Global leader in the zinc sector fined €69.2 million for abuse of dominant position in France

Published on 5th Jul 2016

On 23 July 2016 the French Competition Authority(FCA) fined the Belgian group UMICORE, the main supplier of rolled zinc in France, for long-running exclusivity agreements in France.

Both the parent company and its French subsidiary were fined for implementing a trade policy between 1999 and 2007 that forced UMICORE’s distributors to purchase their supplies exclusively from UMICORE.  The trade policy was accompanied by surveillance, threats and a retaliation system aimed at ‘taming’ the distributors and enforcing exclusivity.

Dominant position

UMICORE sells its products in France under the brand “VM Zinc” and was found to be dominant in its sector (zinc-based roofing products and rainwater systems), with a 70% market share.

With the use of both contractual and commercial systems UMICORE exerted pressure on its distributors in order that they were severely limited – if not excluded entirely – from supplying products manufactured by UMICORE’s competitors.  Exclusivity can be anti-competitive where a supplier has a strong market position, because it has the ability to lock out competitors.

Contractual restrictions

From 1999 until 2004, UMICORE introduced into its distributor contracts a promotional clause under which the distributors committed to ensure the “promotion of UMICORE’s products and brands to the exclusion of products and brands from competitors”.  While this clause is ambiguously worded, the FCA found that distributors considered themselves to be absolutely restricted from selling competing products.

Stockists supplying VM Zinc products were also under an obligation to make the entire range of VM Zinc products permanently available in store.  To enforce this clause, Umicore practiced unscheduled stock visits.  The FCA found that the aim of these visits was to detect the presence of competitors’ products, rather than to verify the volume of VM Zinc stock, or check the conditions of storage  of VM Zinc products.

A unilateral tonnage review clause, which was supposed to enable UMICORE to make forecasts for its product manufacture, was also used to detect the sale of competitors’ products by VM Zinc stockists.

Threats and retaliation

To ensure compliance with the exclusivity clause, UMICORE exerted threats and retaliation aimed at encouraging VM Zinc stockists to maintain exclusivity.

Several types of retaliation were implemented against VM Zinc distributors found to have sold competing zinc products, including: reduction or suppression of bonuses (discounts), suspension of “VM Zinc status”, and withholding preferential terms (special supplier rates, attractive payments and delivery conditions).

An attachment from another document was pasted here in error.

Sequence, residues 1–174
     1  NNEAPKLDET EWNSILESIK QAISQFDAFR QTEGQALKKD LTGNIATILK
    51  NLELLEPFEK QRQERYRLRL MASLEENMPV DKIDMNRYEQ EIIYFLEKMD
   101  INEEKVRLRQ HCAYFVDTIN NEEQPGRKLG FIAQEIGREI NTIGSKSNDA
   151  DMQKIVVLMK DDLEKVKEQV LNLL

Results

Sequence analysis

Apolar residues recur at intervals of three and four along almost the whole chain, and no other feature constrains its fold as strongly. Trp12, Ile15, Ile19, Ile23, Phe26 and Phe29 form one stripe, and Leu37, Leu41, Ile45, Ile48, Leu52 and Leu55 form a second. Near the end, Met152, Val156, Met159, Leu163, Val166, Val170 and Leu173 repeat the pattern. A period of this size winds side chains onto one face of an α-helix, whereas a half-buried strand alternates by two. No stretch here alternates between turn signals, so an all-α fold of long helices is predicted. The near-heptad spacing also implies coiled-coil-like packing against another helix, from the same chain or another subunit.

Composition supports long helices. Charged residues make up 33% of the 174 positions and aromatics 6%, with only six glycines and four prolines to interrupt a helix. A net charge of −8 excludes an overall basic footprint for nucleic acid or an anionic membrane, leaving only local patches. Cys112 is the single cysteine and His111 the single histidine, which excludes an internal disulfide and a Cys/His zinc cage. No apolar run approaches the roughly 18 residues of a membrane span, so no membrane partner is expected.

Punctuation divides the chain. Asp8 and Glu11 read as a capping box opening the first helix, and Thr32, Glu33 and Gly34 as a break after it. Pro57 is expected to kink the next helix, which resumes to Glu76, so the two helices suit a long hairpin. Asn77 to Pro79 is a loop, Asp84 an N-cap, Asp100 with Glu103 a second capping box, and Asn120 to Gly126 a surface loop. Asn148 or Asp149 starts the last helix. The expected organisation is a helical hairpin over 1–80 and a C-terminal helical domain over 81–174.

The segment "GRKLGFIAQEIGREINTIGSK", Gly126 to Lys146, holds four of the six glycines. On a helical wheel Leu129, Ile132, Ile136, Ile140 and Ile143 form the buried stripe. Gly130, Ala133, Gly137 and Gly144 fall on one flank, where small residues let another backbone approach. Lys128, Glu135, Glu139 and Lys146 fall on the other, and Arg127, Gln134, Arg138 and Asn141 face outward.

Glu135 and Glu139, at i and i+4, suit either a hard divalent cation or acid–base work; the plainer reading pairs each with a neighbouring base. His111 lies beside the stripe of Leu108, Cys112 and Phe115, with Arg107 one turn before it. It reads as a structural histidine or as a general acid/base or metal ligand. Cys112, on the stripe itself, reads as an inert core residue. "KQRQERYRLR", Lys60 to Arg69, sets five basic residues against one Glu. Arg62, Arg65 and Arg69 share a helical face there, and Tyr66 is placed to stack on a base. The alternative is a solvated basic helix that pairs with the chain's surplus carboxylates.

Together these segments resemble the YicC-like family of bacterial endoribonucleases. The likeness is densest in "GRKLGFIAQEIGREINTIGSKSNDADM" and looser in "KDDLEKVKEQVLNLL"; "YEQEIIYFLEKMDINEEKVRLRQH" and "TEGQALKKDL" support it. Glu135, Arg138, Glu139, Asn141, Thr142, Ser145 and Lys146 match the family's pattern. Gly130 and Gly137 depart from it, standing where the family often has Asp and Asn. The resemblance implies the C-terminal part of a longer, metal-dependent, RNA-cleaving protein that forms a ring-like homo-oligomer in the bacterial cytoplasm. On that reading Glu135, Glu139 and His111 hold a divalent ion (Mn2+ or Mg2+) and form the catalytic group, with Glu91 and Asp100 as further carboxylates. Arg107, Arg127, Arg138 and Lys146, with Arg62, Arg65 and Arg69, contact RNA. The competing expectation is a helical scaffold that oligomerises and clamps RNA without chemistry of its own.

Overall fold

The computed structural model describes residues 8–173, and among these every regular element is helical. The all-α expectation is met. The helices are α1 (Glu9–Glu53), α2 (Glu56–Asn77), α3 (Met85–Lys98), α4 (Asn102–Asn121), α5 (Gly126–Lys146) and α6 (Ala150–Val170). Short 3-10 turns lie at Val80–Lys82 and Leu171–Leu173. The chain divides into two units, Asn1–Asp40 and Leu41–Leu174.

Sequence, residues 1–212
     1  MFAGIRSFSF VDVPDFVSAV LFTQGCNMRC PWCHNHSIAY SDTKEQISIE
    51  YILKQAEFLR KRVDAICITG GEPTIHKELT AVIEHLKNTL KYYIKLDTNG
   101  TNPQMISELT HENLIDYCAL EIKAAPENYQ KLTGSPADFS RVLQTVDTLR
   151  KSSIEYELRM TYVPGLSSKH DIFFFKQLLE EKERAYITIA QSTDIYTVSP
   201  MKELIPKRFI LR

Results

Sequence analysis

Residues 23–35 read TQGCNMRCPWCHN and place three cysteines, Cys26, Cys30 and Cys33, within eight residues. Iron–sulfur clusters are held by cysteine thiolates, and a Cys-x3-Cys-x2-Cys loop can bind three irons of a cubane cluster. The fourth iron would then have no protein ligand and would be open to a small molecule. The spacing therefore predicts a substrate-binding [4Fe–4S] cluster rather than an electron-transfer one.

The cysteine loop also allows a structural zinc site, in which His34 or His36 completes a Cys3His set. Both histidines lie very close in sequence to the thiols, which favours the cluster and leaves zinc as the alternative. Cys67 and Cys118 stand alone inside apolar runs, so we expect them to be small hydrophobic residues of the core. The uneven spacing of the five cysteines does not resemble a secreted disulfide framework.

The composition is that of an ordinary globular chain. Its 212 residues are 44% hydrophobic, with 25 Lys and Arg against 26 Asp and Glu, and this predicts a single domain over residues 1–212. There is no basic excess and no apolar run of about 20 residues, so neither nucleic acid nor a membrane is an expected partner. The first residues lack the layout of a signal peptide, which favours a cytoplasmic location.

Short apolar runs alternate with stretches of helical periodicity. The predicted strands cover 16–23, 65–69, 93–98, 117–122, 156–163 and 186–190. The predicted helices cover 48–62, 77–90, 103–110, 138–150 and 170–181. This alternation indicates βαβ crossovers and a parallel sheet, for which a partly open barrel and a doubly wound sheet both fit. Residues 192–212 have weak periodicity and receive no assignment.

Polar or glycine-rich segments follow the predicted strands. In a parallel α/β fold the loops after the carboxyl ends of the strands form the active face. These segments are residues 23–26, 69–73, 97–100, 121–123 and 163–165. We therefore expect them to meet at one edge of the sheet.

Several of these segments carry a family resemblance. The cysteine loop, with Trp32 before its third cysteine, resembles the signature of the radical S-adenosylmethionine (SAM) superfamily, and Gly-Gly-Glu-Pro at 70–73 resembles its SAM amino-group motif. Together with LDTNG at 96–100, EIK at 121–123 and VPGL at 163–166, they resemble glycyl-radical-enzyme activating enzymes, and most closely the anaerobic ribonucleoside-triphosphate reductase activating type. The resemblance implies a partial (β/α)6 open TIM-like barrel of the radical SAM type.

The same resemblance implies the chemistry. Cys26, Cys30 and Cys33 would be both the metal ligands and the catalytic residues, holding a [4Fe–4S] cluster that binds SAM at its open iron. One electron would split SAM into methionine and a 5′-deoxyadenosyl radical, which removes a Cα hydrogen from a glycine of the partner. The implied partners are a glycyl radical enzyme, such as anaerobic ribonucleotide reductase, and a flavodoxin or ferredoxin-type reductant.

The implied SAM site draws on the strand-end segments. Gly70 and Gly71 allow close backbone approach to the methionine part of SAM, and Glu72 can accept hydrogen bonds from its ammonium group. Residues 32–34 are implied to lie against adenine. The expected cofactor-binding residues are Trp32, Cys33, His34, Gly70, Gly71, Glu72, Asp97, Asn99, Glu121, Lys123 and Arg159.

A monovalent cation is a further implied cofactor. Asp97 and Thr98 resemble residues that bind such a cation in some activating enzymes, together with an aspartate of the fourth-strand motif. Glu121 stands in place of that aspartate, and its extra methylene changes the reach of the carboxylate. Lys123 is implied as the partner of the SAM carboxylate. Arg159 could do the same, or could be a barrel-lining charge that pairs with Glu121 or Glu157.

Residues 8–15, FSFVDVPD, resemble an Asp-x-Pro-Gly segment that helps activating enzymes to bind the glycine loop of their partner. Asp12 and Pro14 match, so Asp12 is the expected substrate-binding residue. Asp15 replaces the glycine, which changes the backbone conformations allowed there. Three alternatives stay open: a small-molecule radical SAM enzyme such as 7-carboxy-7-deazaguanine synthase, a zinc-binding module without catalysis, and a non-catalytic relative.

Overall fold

These threats and retaliation measures allowed UMICORE to ‘tame’ the market, by signalling to its distributors that breaches of exclusivity would be heavily penalised.

Harmful effects on competing suppliers

The FCA found that UMICORE’s commercial policy, which was implemented continuously against its distributors between 1999 and 2007, prevented the development of competitors on the French market, reduced the intensity of competition, and, in all likelihood, contributed to supra-competitive prices (which were found to have increased between 5% and 15%).

€69,2 million fine for UMICORE; so what next?

The FCA took into account the seriousness of the anti-competitive practice, the damage caused to the economy and the duration of the practices in order to set the fine. Given the economic bargaining power of UMICORE, and to ensure the deterrent effect of its decision, the FCA applied a 10% increase in the fine – while making sure that the company was able to pay it without difficulty.

We would also note that, given the numerous potential victims of UMICORE’s conduct, this appears to be a case which may attract private enforcement of damages claims. It is therefore certainly one to watch in the coming months.

This case is also a useful reminder that a competition authority will go beyond the wording of an agreement and look at a company’s motivation in practice. In this case, the FCA was satisfied that the parties considered their agreement to be exclusive – and that UMICORE had anti-competitive motives when it carried out stock reviews and removed preferential terms. To ensure competition law compliance, companies must therefore look at their day to day practices and at what goes into their correspondence, not just their terms and conditions.

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* This article is current as of the date of its publication and does not necessarily reflect the present state of the law or relevant regulation.

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